A few weeks ago a video of dogs at a slaughterhouse in China went viral. One of the team members spotted, in the melee of dogs painfully tied up, a scrawny wolfdog being moved out of a truck. We immediately started tracking the source of the video, to see if the dog was alive. We don’t have the capacity to support rescues worldwide, but the situation was so extreme and heartbreaking, it was decided that we would try and find the dog. With a bit of luck, someone recognized a man on the video as a rescuer from the UK, we made contact and he confirmed he had seen the dog. Upon CWDR’s request, he went back to the slaughterhouse to buy it off and bring it to a rescue. CWDR paid for the dog, and started organizing funds to have it go through a vaccination and quarantine cycle, and then be brought to France, before coming into the UK. Hope was in sight for Sarabi as she entered the Plush Bear rescue in China, started by a local woman trying to get as many dogs out of the meat trade as she could. Two days later, Sarabi sadly passed away from distemper. You may recognize the name of the disease as it is a standard vaccination in the UK. Unfortunately it is highly contagious through bodily fluids, and in the slaughterhouses where dogs are covered in urine and blood, distemper is a common problem and the fatality rate is very high.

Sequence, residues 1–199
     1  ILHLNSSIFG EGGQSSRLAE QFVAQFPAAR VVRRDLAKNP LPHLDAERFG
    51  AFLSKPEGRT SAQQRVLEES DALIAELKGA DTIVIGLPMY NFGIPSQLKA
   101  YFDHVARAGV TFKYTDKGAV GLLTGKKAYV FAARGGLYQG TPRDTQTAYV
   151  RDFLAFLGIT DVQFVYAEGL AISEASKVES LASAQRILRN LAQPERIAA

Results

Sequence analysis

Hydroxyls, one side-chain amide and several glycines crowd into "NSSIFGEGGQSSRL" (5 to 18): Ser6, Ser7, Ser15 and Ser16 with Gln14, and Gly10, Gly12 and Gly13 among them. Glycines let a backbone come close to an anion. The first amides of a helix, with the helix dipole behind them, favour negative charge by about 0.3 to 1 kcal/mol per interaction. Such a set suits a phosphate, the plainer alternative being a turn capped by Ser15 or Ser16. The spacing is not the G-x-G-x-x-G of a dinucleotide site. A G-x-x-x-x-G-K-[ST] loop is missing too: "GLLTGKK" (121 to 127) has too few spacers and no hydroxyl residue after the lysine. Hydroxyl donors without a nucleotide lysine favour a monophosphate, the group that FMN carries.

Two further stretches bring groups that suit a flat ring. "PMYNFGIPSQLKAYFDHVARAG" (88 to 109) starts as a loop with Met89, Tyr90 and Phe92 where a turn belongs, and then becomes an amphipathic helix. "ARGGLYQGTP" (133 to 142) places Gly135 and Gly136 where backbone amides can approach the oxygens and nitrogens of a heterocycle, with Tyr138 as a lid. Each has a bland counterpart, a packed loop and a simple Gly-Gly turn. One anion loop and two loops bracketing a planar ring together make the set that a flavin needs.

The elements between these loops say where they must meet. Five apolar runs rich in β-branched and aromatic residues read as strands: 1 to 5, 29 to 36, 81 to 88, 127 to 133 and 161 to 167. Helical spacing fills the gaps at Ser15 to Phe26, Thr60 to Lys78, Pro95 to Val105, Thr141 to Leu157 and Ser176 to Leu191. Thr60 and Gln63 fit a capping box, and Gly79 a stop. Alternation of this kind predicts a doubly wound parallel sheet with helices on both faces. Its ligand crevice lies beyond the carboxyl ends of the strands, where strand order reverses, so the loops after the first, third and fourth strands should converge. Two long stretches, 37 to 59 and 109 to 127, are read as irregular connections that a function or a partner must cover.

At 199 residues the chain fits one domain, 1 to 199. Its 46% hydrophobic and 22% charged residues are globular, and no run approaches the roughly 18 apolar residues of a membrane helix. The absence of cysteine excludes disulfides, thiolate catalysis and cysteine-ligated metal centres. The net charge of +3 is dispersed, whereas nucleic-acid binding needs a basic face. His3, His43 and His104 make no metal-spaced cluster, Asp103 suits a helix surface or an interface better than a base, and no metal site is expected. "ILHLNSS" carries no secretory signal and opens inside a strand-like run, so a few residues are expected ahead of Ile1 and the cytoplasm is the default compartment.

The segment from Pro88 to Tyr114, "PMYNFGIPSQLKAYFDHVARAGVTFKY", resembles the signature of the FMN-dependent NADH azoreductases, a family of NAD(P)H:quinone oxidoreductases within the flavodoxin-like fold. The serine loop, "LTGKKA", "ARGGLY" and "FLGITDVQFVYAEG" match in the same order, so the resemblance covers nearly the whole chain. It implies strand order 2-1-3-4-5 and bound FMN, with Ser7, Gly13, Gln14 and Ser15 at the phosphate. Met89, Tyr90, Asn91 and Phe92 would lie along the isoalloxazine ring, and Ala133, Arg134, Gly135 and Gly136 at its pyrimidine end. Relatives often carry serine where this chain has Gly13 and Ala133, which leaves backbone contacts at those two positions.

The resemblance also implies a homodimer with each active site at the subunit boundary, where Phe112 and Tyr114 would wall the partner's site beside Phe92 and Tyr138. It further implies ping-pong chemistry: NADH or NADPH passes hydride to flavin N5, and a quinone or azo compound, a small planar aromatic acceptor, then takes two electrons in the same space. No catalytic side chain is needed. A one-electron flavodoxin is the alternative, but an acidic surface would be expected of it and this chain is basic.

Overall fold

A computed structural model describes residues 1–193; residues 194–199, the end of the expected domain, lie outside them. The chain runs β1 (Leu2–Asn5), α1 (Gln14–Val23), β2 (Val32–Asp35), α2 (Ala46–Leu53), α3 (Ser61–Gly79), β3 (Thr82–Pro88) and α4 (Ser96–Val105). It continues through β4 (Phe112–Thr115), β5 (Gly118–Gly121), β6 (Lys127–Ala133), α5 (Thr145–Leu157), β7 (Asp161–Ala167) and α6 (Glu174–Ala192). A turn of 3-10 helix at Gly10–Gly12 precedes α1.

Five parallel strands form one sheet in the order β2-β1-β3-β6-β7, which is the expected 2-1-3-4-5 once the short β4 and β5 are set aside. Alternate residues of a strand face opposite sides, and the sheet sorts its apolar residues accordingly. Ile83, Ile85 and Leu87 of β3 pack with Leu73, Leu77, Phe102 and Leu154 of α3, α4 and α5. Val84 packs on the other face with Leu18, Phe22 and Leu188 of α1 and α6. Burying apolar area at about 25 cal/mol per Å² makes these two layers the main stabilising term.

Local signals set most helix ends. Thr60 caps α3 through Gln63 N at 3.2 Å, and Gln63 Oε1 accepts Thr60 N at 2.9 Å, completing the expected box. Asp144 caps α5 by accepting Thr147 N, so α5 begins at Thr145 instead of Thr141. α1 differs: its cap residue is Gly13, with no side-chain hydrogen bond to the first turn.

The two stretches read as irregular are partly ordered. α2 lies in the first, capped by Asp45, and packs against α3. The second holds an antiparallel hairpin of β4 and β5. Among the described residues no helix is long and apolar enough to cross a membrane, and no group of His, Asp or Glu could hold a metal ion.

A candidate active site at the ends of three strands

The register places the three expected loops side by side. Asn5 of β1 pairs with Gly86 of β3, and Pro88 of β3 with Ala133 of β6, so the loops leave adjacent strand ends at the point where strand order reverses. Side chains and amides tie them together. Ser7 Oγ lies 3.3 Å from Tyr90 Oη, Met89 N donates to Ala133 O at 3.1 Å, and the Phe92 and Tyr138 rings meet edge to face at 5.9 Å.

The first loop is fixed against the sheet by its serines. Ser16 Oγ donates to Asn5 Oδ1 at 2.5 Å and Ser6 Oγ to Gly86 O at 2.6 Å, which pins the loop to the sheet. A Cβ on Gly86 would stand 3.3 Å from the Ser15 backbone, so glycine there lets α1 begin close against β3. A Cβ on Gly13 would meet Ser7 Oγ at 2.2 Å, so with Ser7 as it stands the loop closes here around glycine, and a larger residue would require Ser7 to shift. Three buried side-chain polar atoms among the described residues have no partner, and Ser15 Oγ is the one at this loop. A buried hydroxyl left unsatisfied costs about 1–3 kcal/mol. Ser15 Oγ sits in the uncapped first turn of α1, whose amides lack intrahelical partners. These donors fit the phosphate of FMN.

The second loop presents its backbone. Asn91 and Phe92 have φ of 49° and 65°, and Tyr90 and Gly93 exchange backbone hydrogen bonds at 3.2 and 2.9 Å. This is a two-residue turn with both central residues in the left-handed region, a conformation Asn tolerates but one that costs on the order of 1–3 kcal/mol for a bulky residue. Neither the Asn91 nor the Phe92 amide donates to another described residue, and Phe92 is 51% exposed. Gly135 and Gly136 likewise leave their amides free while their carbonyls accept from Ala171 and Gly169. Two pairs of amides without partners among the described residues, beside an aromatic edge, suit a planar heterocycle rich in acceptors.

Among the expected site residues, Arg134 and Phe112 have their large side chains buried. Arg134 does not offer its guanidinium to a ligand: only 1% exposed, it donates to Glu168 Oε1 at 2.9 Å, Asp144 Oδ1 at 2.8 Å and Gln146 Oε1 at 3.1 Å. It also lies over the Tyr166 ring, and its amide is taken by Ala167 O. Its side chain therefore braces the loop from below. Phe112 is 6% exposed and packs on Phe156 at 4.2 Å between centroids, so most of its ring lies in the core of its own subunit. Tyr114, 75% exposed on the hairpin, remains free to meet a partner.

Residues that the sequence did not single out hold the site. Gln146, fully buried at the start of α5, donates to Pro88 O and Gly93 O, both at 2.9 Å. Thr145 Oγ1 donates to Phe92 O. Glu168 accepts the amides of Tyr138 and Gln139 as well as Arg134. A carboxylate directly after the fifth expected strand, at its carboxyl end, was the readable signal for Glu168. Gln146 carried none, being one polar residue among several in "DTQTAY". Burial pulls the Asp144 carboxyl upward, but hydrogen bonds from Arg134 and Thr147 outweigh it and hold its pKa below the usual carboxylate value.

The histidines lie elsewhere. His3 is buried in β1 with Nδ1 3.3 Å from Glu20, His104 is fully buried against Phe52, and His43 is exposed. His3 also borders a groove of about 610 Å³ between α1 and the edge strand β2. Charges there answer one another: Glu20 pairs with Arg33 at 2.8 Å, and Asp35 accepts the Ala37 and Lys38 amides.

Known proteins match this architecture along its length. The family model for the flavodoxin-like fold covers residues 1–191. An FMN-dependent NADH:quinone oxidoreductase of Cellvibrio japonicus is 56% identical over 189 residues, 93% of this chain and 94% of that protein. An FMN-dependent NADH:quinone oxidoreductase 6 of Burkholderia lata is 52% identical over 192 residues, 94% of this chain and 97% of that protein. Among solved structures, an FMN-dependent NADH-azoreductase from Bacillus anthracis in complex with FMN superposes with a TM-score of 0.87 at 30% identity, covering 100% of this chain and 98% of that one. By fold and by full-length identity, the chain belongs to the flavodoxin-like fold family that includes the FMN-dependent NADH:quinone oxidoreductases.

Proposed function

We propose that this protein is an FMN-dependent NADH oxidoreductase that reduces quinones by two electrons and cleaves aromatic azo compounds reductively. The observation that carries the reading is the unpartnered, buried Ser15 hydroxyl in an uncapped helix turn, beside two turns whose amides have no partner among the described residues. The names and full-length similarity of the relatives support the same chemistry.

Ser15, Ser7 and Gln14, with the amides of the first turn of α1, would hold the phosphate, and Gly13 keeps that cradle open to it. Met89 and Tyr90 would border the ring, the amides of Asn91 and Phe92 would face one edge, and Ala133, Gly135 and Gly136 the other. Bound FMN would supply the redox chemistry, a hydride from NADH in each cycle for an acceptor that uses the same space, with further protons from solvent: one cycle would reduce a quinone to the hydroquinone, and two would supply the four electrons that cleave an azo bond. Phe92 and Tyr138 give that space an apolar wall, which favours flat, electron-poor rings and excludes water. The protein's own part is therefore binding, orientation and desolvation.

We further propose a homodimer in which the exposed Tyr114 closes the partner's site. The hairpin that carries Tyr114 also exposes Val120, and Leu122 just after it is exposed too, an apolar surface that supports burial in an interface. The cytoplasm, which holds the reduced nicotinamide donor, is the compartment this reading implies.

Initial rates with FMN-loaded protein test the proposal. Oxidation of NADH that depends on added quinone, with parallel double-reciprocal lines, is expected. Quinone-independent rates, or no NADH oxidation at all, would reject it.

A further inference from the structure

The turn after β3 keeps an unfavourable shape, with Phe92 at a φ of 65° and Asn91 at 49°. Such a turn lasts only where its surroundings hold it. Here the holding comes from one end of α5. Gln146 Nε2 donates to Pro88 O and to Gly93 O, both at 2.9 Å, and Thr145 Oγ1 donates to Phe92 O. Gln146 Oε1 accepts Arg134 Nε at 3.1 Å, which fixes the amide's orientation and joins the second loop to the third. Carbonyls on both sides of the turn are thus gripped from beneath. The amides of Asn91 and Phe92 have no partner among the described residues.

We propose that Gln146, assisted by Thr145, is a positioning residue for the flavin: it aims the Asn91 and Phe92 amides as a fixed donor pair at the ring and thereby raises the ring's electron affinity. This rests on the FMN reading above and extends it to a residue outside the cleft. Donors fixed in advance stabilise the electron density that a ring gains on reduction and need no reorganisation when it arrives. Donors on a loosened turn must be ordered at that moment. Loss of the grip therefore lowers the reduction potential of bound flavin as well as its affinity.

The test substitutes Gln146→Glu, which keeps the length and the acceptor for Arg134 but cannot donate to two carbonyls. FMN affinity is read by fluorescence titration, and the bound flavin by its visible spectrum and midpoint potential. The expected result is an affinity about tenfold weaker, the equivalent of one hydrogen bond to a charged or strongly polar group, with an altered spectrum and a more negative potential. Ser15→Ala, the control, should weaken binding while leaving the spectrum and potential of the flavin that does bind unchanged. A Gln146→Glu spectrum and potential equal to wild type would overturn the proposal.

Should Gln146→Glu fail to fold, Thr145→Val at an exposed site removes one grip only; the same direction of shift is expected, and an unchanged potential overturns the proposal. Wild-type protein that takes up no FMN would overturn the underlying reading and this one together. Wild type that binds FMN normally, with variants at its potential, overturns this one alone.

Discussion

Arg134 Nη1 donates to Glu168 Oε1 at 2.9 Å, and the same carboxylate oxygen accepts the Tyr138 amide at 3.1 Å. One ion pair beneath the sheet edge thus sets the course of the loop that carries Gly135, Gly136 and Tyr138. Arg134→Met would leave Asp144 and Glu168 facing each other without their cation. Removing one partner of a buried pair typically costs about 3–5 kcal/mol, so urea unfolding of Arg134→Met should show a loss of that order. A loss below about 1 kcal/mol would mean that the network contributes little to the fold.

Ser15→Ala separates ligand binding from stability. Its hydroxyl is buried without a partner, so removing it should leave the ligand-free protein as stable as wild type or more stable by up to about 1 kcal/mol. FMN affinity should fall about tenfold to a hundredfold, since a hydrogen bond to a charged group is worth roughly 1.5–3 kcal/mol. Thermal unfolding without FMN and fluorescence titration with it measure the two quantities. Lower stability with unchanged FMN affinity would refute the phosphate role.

We sought to find out which breeder was selling dogs to slaughter, and uncovered a dark reality of the meat trade : these are not dogs bred for meat, but unwanted pets being disposed of willingly by owners who no longer want them. Our hearts break for all the animals in this situation, and we are so grateful for the rescue organisations who do their best to save as many as they can. Rest in Peace Sarabi.
Timon and Pumba